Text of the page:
It matters to Protestants who think that it is important. Many of your non-liturgical Protestant Churches will simply say that they can read Scripture as well as the Catholic Church, maybe better, and that what they are doing is more in line with what they read than what the Catholics are doing. More liturgical Churches, especially the Anglican and Lutheran Churches, generally have more of a concept that they have a direct lineage to the ancient Church which, admittedly, runs through the Catholic Church. The Anglican Churches, for example, even hold themselves out as being the third branch of the Catholic Church, the other two branches being the Catholic Church as it is known in these forums and the Orthodox Churches. Everyone, I believe, realizes that the Catholic Church does not hold to the foregoing Protestant viewpoints but that’s certainly not news.

With all due respect, this is all up for debate, or it could be an over interperation of scripture about Peter. As far as the reformation being made up of “sinfull men” well is that not judging? I personally feel that God did work through Martin Luther and other reformers because the RCC was very corrupt and evil, and history shows us that.

All I know is that Jesus Christ is the “real deal” no one comes to the Father except through him.

Peace,
Jokerz

Hi, Liza!

You are correct… that is, except for the “R” part. :wink:

Please don’t exclude those of us who are members of one of the other 22 sui iuris Churches who, together with and in full communion with our Roman Catholic brethren, make up the One True Faith that is the Catholic Church.

There you go again claiming that the Reformation had to happen because the CC was sinful.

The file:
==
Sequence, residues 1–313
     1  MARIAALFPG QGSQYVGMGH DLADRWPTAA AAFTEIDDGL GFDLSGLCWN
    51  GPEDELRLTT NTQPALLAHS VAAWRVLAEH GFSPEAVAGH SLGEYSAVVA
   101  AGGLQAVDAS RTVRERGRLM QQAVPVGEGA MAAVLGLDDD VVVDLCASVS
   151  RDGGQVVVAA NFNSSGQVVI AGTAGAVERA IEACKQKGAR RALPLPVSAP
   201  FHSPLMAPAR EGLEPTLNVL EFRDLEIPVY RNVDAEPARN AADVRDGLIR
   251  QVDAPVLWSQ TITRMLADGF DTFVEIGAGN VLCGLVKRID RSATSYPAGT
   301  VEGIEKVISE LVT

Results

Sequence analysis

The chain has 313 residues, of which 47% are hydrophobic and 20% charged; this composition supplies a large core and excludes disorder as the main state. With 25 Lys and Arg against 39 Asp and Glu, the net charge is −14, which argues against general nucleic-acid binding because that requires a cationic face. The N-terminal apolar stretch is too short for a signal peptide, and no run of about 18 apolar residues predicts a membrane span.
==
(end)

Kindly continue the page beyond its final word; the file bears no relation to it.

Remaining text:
Yes the Catholic Church was sinful, BUT the Reformers did not break because of sin they tried to redfine what Christianity was.

Their brand of Christianity has NO historical basis from the Early Church, ergo their interpretation are simply modern misinterpretations.

Just because the Church was filled with sinners does not mean that its teachings were corrupted.

Protestants claim that the CC teachings were corrupted but history doesn’t show this.

The teachings of Jesus are very important and we should make sure we have the correct ones, not simply modern misinterpration that are palatable to modern ears.

I think that the problem we run into at times is that some Churches not in communion with Rome also consider themselves to be Catholic. The Anglican Churches would be the best example, but there are no doubt others. So, in that case, describing the Catholic Church as the Roman Catholic Church is a way of distinguishing what Churches are being discussed without conceeding the Catholic Church’s stance that the rest of us are not Catholic. I also understand that this creates difficulties for those Churches in communion with Rome who are not of the Latin Rite, but I’m not sure what the answer is. I think to some extent the words used depend on the audience to which you are speaking. Here, I generally refer to the Catholic Church. Elsewhere, I might say the Roman Catholic Church.

You’re still avoiding the question, obviously. We all know that Catholics and protestants will disagree on interpretations of Scripture. The question was - can you show any evidence that the early Christians would support a Protestant interpretation of Scripture or belief that differs from the Catholic belief?

Nope. They, too, broke from Catholic belief and tradition. The question was one of continual unity and not of schism.